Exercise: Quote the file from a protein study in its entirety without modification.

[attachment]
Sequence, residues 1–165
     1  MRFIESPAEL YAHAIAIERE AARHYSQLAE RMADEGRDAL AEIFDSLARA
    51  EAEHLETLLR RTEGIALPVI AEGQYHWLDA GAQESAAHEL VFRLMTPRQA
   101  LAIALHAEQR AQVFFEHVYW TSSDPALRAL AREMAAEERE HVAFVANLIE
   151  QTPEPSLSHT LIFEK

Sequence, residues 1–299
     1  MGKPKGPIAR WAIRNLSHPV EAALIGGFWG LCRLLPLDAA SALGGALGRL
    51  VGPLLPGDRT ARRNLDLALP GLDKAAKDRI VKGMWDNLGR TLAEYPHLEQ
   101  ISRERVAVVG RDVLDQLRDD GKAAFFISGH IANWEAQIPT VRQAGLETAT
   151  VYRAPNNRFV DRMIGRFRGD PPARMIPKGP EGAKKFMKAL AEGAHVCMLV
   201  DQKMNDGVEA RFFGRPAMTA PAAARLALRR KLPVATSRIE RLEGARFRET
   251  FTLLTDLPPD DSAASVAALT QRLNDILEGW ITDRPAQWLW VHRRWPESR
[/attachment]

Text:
Sequence, residues 1–165
     1  MRFIESPAEL YAHAIAIERE AARHYSQLAE RMADEGRDAL AEIFDSLARA
    51  EAEHLETLLR RTEGIALPVI AEGQYHWLDA GAQESAAHEL VFRLMTPRQA
   101  LAIALHAEQR AQVFFEHVYW TSSDPALRAL AREMAAEERE HVAFVANLIE
   151  QTPEPSLSHT LIFEK

Sequence, residues 1–299
     1  MGKPKGPIAR WAIRNLSHPV EAALIGGFWG LCRLLPLDAA SALGGALGRL
    51  VGPLLPGDRT ARRNLDLALP GLDKAAKDRI VKGMWDNLGR TLAEYPHLEQ
   101  ISRERVAVVG RDVLDQLRDD GKAAFFISGH IANWEAQIPT VRQAGLETAT
   151  VYRAPNNRFV DRMIGRFRGD PPARMIPKGP EGAKKFMKAL AEGAHVCMLV
   201  DQKMNDGVEA RFFGRPAMTA PAAARLALRR KLPVATSRIE RLEGARFRET
   251  FTLLTDLPPD DSAASVAALT QRLNDILEGW ITDRPAQWLW VHRRWPESR